EPA Awards Great Lakes Restoration Initiative Grants to Reduce Runoff that Contributes to Algal Blooms
The projects announced today will be implemented by conservation organizations and by state and local governments.
CHICAGO (March 26, 2015) — The U.S. Environmental Protection Agency today announced the award of 14 Great Lakes Restoration Initiative grants totaling over $17 million to fund projects that will improve Great Lakes water quality by preventing phosphorus runoff and soil erosion that contribute to algal blooms and by reducing suspended sediments in Great Lakes tributaries.
“These Great Lakes Restoration Initiative grants will be used for critical projects to prevent soil erosion and reduce phosphorus runoff that contributes to algae growth in the Great Lakes,” said Great Lakes National Program Manager Susan Hedman. “Many of these grants target Great Lakes watersheds where there have been harmful algal blooms in recent years – such as Maumee Bay on Lake Erie, Saginaw Bay on Lake Huron and Green Bay on Lake Michigan.”
The projects funded by the GLRI grants announced today will be implemented by conservation organizations and by state and local governments:
- Fox-Wolf Watershed Alliance Inc. ($4,196,221) will use conservation practices – such as stream buffering and cover crops – in key sections of the Lower Fox River watershed to reduce nutrient runoff and soil erosion that impacts Green Bay and Lake Michigan.
- Ohio Environmental Protection Agency ($3,696,182) will retire 270 acres of cropland, restore six miles of streams, stabilize 1,000 feet of eroding stream banks and restore 70 acres of wetlands at eight locations in the Maumee River watershed to prevent phosphorus from entering Lake Erie.
- The Nature Conservancy ($2,558,853) will administer a program to reimburse farmers for implementing conservation practices (tillage, cover crops and drainage water management) on 10,000 acres of cropland in the Saginaw Bay watershed. The project will reduce nutrient runoff and soil erosion that impacts Saginaw Bay and Lake Huron.
- Green Bay Metropolitan Sewerage District Council ($1,686,669) will work with partners to implement conservation practices on over 70 percent of cropland in the Duck Creek watershed to reduce nutrient runoff and soil erosion that impacts Green Bay and Lake Michigan.
- Western Reserve Land Conservancy ($750,000) will purchase 1,000 acres of easements in northern Ohio’s Grand River watershed — protecting five miles of streams and 400 acres of wetland — to reduce nutrient runoff and soil erosion that impacts Lake Erie.
- Delta Institute ($750,000) will lead a coalition of community organizations to prevent nutrient runoff and soil erosion in the Bear Creek/Bear Lake watershed to reduce impacts on the Muskegon Lake Area of Concern and Lake Michigan. The coalition will promote the use of best practices to reduce nutrient runoff and soil erosion from farms and urban areas.
- The Stewardship Network ($745,000) will work with partners to provide farmers in the River Raisin watershed with technical assistance on best practices to prevent nutrient runoff and soil erosion into the river and Lake Erie.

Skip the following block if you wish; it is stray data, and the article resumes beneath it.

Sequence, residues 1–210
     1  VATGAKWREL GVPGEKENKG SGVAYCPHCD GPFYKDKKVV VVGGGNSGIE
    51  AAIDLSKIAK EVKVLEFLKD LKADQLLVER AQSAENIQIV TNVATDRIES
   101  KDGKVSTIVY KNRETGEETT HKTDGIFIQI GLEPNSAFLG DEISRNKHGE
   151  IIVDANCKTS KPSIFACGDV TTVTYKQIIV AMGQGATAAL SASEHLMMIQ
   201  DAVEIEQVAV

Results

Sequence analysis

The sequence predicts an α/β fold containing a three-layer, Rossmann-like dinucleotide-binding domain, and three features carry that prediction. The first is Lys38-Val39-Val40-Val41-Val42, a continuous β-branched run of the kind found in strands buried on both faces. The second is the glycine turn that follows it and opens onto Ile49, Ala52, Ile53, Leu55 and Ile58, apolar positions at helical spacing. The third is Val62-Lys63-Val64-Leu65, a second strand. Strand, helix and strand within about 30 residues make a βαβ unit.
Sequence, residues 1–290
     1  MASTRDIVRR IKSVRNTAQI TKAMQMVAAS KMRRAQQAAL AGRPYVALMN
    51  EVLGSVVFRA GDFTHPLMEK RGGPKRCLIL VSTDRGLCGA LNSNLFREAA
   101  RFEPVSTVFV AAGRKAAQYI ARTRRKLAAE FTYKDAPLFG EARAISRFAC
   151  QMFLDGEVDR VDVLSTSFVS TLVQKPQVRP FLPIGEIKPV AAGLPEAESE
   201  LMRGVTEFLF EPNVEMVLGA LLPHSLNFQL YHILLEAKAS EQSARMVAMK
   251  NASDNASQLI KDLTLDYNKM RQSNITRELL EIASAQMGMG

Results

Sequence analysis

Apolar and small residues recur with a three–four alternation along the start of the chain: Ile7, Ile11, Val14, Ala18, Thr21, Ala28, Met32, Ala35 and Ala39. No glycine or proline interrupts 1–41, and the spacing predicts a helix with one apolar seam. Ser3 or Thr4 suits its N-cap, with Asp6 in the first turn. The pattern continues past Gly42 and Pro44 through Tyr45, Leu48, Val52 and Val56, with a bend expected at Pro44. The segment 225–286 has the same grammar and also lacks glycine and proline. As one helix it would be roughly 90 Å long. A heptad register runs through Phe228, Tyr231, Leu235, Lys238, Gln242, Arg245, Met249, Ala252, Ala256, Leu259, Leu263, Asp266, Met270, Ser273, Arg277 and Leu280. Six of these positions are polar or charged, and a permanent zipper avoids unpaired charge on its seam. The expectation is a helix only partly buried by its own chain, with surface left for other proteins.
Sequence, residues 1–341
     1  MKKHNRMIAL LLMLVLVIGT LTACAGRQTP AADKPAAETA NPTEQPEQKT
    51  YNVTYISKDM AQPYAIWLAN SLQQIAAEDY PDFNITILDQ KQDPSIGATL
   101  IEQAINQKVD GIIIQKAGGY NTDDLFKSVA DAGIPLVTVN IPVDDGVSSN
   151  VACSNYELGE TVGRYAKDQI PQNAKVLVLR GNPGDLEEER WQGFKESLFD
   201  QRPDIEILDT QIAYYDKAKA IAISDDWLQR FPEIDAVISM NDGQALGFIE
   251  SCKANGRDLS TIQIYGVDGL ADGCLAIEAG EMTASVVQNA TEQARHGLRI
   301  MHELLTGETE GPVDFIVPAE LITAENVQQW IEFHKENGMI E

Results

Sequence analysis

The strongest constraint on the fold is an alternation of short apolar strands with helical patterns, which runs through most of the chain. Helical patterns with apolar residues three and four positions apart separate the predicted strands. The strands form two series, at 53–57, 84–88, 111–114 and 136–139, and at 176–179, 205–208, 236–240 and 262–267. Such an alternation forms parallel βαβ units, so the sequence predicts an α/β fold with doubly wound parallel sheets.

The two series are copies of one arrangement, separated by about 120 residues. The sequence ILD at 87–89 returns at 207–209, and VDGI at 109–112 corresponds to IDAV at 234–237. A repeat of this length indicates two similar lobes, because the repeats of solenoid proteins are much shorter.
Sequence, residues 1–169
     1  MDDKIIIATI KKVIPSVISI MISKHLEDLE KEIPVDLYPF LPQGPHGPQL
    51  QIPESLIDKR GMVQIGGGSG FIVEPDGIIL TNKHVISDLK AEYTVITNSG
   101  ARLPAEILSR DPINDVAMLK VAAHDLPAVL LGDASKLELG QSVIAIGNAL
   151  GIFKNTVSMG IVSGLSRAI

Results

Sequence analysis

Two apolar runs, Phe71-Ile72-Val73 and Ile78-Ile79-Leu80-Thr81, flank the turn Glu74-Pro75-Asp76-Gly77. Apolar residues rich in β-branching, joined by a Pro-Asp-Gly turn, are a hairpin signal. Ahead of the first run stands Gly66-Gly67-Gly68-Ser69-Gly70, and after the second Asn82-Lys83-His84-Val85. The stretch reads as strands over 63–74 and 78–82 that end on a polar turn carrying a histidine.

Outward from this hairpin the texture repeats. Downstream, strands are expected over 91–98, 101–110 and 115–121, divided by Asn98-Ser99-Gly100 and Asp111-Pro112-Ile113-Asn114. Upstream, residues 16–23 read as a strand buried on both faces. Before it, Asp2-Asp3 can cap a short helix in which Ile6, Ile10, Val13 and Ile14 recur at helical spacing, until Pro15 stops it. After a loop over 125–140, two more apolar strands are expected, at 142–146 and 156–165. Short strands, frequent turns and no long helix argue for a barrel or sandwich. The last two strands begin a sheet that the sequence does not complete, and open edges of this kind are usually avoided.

- Grand Traverse Bay Watershed Initiative ($729,840) will work with two major landowners to restore eroding stream banks and install green infrastructure at Kids Creek– reducing stormwater runoff and soil erosion that impacts Grand Traverse Bay and Lake Michigan.
- Ohio Environmental Protection Agency ($689,060) will expand agricultural conservation practices to 8,000 acres of cropland in five northern Ohio watersheds that flow into the Sandusky River. The project will reduce nutrient runoff and soil erosion into Lake Erie.
- Redevelopment Authority of the City of Milwaukee ($580,000) will excavate, re-grade and stabilize 900 feet of stream banks along the Menomonee River, which flows through Milwaukee and discharges directly into Lake Michigan. The stream banks are composed largely of building debris which contains contaminants such as asbestos and lead. The project will reduce the discharge of contaminants and sediment into the river and Lake Michigan.
- Muskegon River Watershed Assembly ($356,970) will work with partners to establish cover crops on 2,000 acres of agricultural land. In addition, buffers will be established on 24 acres of stream banks, and 500 feet of stream banks will be stabilized at community parks. The project will reduce nutrient runoff and soil erosion into Tamarack Creek, the Muskegon River and Lake Michigan.
- Superior Watershed Partnership ($330,403) will restore about 1,500 feet of eroding stream banks at a rural river (Salmon-Trout River) and an urban river (Dead River) in Michigan’s Upper Peninsula. The project will reduce stormwater runoff, improving water quality in both rivers and in the near-shore waters of Lake Superior.
- Outdoor Discovery Center ($250,000) will restore over 40 acres of wetlands and floodplain to increase floodwater storage capacity along the Macatawa River which will reduce soil erosion and the quantities of nutrients and streambed sediment entering Lake Michigan.
- Chagrin River Watershed Partners Inc. ($178,479) will partner with the City of Wickliffe, Ohio, and Cleveland Metroparks on a project to restore 640 feet of streams and wetlands in the Deer Creek/Gully Brook watershed. The project will reduce soil erosion and the quantity of nutrients and streambed sediment entering the Chagrin River and Lake Erie.
This year, EPA has awarded GLRI grants totaling over $25 million to fund 29 projects to protect and restore the Great Lakes. Earlier this month, EPA announced 15 GLRI grants totaling over $8.1 million to fund projects to combat invasive species.
Since 2010, EPA has funded more than 700 Great Lakes restoration and protection projects totaling over $570 million. For more information about the Great Lakes Restoration Initiative, visit www.glri.us.
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